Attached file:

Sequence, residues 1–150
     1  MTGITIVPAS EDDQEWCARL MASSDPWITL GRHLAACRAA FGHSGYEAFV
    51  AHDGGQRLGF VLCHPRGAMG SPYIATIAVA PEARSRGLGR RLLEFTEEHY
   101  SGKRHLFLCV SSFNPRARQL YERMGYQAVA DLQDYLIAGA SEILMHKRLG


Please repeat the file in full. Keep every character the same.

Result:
Sequence, residues 1–150
     1  MTGITIVPAS EDDQEWCARL MASSDPWITL GRHLAACRAA FGHSGYEAFV
    51  AHDGGQRLGF VLCHPRGAMG SPYIATIAVA PEARSRGLGR RLLEFTEEHY
   101  SGKRHLFLCV SSFNPRARQL YERMGYQAVA DLQDYLIAGA SEILMHKRLG